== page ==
The heights above the town

The heights above the town

But as you drive along Attaturk Caddesi, you can glimpse the river through gaps in the buildings and see the sun reflecting back from whitewashed Ottoman houses, with their distinctive cantilevered windows, and bouncing off minarets that seem sheathed in stainless steel. This is what many people come to Amasya for; a glimpse back into the recent past, when the Ottoman Empire ruled from what is now vast swathes of modern Europe, through the Middle East, to the shores of Russia.


Amasya is a world that has been created not just by the Ottomans. They are but one in a long line of conquerors who have fought for this land. Greek adventurers and freebooters, Roman generals, Byzantine emperors, Mongol khans and Ottoman sultans, have all left their mark here. And that evidence is all around. A 100m walk from my pansyion brings me to the other side of the river where I can look back and see half timbered Ottoman houses, mosques built by some of the early Islamic conquerors, the site of the original Roman bridge that spanned the river; and then the rock tombs of the Pontic kings who founded the town 2000 years ago. These were kings whose hubris got the better of them. They believed, wrongly as it turned out, that they could take on the Roman Empire and win. They couldn’t.


And flying above all of this is the flag of the Turkish Republic, founded in 1923. I don't want to leave the impression that Amasya is a town caught in time because it isn't. It's a bustling, busy place, full of youn people and students from the local university. What it does seem to have is an understanding of what it has and a real civic pride in itself.

There aren’t many foreign tourists here at this time of year – I have an entire Ottoman mansion to myself - so there’s no need to rush around, with an imaginary tick list. Sit for an hour by the river and think about what’s in front of you and the sort of men and women who created this place over two millennia. It’s worth the effort.


Posted by johnward 23:46 Archived in Turkey Comments (0)

Lament for the Wet Shave


We all regret the passing of some things. Things that made life that little more enjoyable and worth living. For me (in no particular order) is the lack of manners and general courtesy we show each other; I bemoan the lack of quality fish and chip shops on British high streets; I despair at the current plight of my football team and I wonder where have all the barbers gone and the wet shaves they once provided.

If you’re in search of a wet shave and you pop into your local salon, where customers are now part of an expanding roster of Jason’s the stylist’s clients, the conversation goes something like this:
‘’Any chance of a wet shave?’’
‘’Jase, there’s a bloke here wants, what was it again...?
‘’A wet shave’’
‘’That’s right - Where do we keep ‘em Jase?

I mention this because tonight I went out to buy a bottle of water and wound up having a wet shave in a barber shop in Ankara. There’s no doubt I needed a shave as I had two weeks of growth that has somehow appeared. I happened to pass this barbers that was still open, rubbed my beard, made eye contact and that’s all it took; thirty seconds later I was in the chair being readied for the lather.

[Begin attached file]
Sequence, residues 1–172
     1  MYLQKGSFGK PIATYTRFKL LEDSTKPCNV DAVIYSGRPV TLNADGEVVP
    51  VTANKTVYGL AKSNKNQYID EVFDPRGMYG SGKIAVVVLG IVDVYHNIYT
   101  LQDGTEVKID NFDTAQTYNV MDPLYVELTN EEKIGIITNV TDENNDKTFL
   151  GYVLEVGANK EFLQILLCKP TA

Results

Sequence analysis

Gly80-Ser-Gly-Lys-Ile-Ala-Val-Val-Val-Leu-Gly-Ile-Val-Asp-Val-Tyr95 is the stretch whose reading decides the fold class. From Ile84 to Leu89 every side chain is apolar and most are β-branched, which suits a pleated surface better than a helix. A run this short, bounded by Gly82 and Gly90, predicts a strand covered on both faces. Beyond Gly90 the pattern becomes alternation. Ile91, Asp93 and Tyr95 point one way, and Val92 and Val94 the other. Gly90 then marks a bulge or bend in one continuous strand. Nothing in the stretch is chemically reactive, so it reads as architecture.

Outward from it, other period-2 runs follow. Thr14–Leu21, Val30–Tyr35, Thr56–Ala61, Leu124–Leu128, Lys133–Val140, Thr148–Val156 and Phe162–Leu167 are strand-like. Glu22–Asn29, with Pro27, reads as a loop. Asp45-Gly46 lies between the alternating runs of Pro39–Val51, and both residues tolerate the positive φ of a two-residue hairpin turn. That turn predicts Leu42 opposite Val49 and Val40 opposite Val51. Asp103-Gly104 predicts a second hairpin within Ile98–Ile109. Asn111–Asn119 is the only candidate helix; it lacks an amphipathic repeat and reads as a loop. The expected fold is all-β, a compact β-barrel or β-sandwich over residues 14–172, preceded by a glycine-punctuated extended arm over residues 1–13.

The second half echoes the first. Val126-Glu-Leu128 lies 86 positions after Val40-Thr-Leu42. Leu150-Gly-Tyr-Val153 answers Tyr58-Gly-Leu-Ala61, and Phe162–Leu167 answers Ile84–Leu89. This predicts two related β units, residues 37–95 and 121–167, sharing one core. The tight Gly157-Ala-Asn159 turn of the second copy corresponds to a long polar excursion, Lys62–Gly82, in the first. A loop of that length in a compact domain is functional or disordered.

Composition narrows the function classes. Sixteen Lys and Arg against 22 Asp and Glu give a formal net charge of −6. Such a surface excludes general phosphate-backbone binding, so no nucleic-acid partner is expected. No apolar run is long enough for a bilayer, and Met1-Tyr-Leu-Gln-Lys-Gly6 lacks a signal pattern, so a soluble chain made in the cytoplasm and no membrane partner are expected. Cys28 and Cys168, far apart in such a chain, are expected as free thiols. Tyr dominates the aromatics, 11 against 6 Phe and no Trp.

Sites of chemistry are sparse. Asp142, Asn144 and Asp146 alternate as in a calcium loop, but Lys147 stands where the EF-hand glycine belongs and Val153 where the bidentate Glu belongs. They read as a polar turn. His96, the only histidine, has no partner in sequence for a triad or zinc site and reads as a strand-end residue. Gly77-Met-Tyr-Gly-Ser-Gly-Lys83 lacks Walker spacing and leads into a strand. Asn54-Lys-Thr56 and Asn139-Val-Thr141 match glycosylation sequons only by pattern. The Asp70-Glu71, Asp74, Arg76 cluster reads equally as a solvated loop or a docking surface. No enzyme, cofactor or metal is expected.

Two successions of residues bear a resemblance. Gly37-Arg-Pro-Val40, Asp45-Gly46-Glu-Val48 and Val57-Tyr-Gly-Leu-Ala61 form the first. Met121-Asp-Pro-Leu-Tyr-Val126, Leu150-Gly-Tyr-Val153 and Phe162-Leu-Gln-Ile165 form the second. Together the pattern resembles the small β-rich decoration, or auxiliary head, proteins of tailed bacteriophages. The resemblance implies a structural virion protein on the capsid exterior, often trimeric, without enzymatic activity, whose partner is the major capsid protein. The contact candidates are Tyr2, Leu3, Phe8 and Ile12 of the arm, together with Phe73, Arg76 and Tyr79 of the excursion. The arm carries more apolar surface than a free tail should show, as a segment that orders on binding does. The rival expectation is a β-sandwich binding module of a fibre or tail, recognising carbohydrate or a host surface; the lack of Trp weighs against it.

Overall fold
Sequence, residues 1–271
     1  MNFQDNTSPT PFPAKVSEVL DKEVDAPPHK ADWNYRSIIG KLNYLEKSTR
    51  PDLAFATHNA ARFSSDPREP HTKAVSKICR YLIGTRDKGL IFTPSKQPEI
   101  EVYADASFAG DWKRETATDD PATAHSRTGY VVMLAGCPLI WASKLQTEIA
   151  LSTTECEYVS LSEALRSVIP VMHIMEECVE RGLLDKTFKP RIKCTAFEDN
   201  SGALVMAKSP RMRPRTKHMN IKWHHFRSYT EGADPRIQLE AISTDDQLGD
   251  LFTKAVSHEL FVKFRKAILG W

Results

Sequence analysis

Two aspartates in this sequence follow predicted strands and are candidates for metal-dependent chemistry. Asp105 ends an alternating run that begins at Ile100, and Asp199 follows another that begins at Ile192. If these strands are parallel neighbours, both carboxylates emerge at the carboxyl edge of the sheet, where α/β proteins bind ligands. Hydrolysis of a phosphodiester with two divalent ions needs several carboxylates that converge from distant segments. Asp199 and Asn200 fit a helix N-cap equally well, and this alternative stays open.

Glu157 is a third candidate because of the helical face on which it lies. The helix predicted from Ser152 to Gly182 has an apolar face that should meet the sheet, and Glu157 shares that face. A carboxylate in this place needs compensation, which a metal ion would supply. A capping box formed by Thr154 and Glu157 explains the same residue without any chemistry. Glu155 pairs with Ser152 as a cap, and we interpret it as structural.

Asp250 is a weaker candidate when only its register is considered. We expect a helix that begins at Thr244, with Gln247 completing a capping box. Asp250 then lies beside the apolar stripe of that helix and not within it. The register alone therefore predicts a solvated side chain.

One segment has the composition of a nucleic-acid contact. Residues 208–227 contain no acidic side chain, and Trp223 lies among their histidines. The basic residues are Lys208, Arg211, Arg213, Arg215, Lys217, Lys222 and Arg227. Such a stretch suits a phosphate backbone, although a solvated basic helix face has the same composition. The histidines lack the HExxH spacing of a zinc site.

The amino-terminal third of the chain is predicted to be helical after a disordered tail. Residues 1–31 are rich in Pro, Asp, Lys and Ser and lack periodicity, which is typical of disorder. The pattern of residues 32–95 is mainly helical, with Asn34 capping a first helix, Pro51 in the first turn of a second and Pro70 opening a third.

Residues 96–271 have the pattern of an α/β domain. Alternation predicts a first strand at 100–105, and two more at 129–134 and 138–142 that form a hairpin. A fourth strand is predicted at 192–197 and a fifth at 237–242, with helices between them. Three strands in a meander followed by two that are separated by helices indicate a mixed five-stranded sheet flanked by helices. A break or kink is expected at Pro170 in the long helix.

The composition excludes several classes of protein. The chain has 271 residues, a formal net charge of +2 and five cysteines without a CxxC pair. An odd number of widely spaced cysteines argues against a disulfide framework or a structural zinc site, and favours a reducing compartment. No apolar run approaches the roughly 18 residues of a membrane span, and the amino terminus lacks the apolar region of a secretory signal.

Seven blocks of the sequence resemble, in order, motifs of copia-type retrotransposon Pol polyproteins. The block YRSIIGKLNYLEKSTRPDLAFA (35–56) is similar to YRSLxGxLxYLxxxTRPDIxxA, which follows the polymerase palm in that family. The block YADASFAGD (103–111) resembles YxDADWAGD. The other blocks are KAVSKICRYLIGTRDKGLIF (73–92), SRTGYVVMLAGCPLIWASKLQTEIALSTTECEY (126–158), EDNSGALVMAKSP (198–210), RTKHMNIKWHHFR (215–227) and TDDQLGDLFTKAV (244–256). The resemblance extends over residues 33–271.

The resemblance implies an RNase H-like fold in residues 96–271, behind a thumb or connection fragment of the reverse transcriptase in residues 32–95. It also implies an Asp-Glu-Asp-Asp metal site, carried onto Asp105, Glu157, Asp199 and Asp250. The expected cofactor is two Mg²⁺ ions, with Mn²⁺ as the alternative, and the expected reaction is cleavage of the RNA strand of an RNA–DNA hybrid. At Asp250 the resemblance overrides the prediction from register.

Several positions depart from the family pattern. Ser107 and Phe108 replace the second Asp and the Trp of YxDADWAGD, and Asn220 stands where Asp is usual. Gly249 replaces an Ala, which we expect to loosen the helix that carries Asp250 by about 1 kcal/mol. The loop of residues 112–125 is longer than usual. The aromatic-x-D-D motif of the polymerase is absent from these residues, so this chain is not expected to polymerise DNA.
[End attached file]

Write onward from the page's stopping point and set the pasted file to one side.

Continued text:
Before the lathering comes the application of hot towels, to soften the beard and make the customer more relaxed. Then comes the mixing of the lather, an almost mystical alchemy that whips the lather to a consistency you would find atop a meringue. The lather is mixed in water just the safe side of scalding, which leads to an intake of breath when it’s applied to the face.

Then comes the unwrapping of the fresh blade, quickly followed by the first passing of blade on skin. There’s something a little liberating and slightly crazed about offering your neck to a complete stranger with a blade in his hand, but hey ho.

Once the initial sweep has been done, more lather is applied and a second run begins, this time the barber tidying up as he goes, getting to all those awkward little places, like under the nose and chin. Finally, a quick run with the clippers up the nose and in the ears and the job is done...

...or so I thought. My barber, who could speak no English, which still made him a better linguist than me, produced what looked like a Q Tip that had been on a course of steroids. As he had no English and I no Turkish, he couldn’t explain what was about to happen. He dipped the Q Tip in, what I can only presume was meths and set light to it. It produced the sort of flame that those of us who flambé are used to; the only difference being that it didn’t go out – he then passed this burning brand across both ears to make sure that not one hair escaped. I thought that this is going to hurt (there was a moment or two when I flinched) and I also thought this is what it must be like for slaughtered beef and cattle when their carcasses are being singed.